Although different forms of “conciliation” can exist, outside of regular councils, nevertheless ecclesiastical assemblies or councils, in the real sense of the word, are the most natural and the most direct means of conciliation. This is just the place which the councils have always held in the life of the Church, beginning with the Council in Jerusalem. The councils are, above all, the tangible expression of the spirit of conciliarity and its realization. A council must not be considered as a wholly exterior institution, which, with the voice of authority, proclaims a divine or ecclesiastical law, a truth otherwise inaccessible to the isolated members of the Church. By a natural process the significance of the councils is determined in that they receive, later on, the authority of permanent ecclesiastical institutions. But the institution of canonical legislation, of jus ecclesiasticum, has only a practical and not a dogmatic character. The Church, deprived, for one reason or another, of the possibility of convoking councils, does not cease to be the Church;
and among other traits, it remains “sobornaia,” conciliar, in the internal sense, for that is its nature.
Lacking councils, there yet remain other means of “conciliation,” for example, the direct relations between different local churches in apostolic times. It must be noted that, in our day, in the century of the development of the press and other means of circulation, councils have lost a great part of the utility of former times, such as those of the ecumenical councils. In our day ecumenical, universal conciliation is being realized almost imperceptibly, by means of the press and of scientific relations. But today the councils hold their special, unique place in conciliation because they alone offer the opportunity of immediate realization of the conciliarity of the Church. The meetings of representatives of the Church, in the cases where it is given to them to become ecclesiastical councils, actualize the conscience of the Church, in regard to some question which has been previously the object of personal judgment. These assemblies can demonstrate the conciliarity of the Church and become, consequently, true councils. Then, conscious of their true conciliarity and at the same time seeking it, the councils say of themselves: “It has pleased the Holy Spirit (who lives in the Church)
and us.” They consider themselves as identical with the Church where the Holy Spirit lives. Every ecclesiastical assembly expresses in its prayer the desire to become a council. But all ecclesiastical assemblies are not councils, however much they pretend to be or fulfill the exterior conditions requisite to that end, for example, the pseudo-councils of Ephesus, the iconoclastic council of 754, the council of Florence, which the Orthodox Church does not recognize as councils. It must be remembered that even ecumenical councils are not external organs established for the infallible proclamation of the truth and instituted expressly for that. Such a proposition would lead to the conclusion that, without councils, the Church would cease to be “catholic” and infallible. Apart from this consideration, the mere idea of an external organ to proclaim the truth would place that organ above the Church, it would subordinate the action of the Holy Spirit to an external fact, such as an ecclesiastical assembly. Only the Church in its identity with itself can testify to the truth and the knowledge of conciliarity. Is a given assembly of bishops really a council of the Church which testifies in the name of the Church, to the truth of the Church?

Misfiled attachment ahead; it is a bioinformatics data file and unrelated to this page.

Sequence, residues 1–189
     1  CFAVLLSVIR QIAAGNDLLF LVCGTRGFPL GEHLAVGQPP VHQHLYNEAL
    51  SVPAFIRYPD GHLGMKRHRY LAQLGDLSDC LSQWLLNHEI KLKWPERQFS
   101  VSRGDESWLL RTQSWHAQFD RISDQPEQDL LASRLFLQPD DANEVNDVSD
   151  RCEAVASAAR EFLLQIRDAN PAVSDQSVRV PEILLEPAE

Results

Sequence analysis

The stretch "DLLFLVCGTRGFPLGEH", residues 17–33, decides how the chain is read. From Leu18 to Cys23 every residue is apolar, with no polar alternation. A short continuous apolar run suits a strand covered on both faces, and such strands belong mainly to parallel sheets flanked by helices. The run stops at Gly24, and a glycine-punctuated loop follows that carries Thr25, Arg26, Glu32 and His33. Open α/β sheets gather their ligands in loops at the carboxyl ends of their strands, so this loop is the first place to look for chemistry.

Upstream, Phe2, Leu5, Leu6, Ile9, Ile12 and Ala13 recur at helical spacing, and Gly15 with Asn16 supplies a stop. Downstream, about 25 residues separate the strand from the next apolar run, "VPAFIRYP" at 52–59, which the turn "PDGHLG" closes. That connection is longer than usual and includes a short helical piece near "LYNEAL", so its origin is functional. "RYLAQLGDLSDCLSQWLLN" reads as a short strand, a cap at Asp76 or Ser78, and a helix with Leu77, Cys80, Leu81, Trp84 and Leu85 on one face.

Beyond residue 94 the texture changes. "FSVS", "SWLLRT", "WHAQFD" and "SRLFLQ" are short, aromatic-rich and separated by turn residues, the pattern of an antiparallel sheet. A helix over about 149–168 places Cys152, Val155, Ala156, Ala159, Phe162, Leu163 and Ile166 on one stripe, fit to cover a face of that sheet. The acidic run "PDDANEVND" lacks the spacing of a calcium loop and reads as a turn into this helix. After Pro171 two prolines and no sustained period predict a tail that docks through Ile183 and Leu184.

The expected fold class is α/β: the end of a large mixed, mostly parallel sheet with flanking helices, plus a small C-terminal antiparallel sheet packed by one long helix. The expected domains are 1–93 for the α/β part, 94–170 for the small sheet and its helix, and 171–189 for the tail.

Only the Church can know. It is the Church which pronounces its yes. It is the Church which agrees, or not, with the council. There are not, and there cannot be, external forms established beforehand for the testimony of the Church about itself.
The life of the Church is a miracle which cannot be explained by external factors. The Church recognizes or does not recognize a given ecclesiastical assembly representing itself as a council: this is a known historical fact. Another historical fact is that to be accepted by the Church as such, it is not sufficient for an ecclesiastical assembly to proclaim itself as a council. It is not a question of a juridical and formal acceptance. This does not mean that the decisions of the councils should be confirmed by a general plebiscite and that without such a plebiscite they have no force. There is no such plebiscite. But from historical experience it clearly appears that the voice of a given council has truly been the voice of the Church or it has not: that is all. There are not, there cannot be, external organs or methods of testifying to the internal evidence of the Church;